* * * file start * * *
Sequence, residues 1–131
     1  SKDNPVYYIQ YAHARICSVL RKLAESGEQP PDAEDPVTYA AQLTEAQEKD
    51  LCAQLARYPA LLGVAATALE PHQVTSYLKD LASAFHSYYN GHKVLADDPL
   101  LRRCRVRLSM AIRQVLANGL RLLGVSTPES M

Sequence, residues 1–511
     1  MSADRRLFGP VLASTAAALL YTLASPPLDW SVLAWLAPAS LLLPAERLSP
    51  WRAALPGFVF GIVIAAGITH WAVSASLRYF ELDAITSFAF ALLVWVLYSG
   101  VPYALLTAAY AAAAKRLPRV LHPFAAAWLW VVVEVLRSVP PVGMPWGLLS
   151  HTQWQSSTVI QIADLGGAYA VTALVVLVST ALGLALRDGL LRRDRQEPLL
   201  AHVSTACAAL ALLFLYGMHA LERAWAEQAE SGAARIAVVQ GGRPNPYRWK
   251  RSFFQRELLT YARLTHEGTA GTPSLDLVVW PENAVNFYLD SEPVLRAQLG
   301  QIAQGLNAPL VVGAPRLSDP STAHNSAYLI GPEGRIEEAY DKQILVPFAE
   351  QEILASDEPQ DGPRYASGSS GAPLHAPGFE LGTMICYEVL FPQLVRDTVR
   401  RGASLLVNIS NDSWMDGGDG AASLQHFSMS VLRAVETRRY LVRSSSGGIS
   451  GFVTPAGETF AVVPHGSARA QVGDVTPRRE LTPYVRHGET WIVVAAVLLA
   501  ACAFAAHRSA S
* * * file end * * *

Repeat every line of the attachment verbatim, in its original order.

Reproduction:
Sequence, residues 1–131
     1  SKDNPVYYIQ YAHARICSVL RKLAESGEQP PDAEDPVTYA AQLTEAQEKD
    51  LCAQLARYPA LLGVAATALE PHQVTSYLKD LASAFHSYYN GHKVLADDPL
   101  LRRCRVRLSM AIRQVLANGL RLLGVSTPES M

Sequence, residues 1–511
     1  MSADRRLFGP VLASTAAALL YTLASPPLDW SVLAWLAPAS LLLPAERLSP
    51  WRAALPGFVF GIVIAAGITH WAVSASLRYF ELDAITSFAF ALLVWVLYSG
   101  VPYALLTAAY AAAAKRLPRV LHPFAAAWLW VVVEVLRSVP PVGMPWGLLS
   151  HTQWQSSTVI QIADLGGAYA VTALVVLVST ALGLALRDGL LRRDRQEPLL
   201  AHVSTACAAL ALLFLYGMHA LERAWAEQAE SGAARIAVVQ GGRPNPYRWK
   251  RSFFQRELLT YARLTHEGTA GTPSLDLVVW PENAVNFYLD SEPVLRAQLG
   301  QIAQGLNAPL VVGAPRLSDP STAHNSAYLI GPEGRIEEAY DKQILVPFAE
   351  QEILASDEPQ DGPRYASGSS GAPLHAPGFE LGTMICYEVL FPQLVRDTVR
   401  RGASLLVNIS NDSWMDGGDG AASLQHFSMS VLRAVETRRY LVRSSSGGIS
   451  GFVTPAGETF AVVPHGSARA QVGDVTPRRE LTPYVRHGET WIVVAAVLLA
   501  ACAFAAHRSA S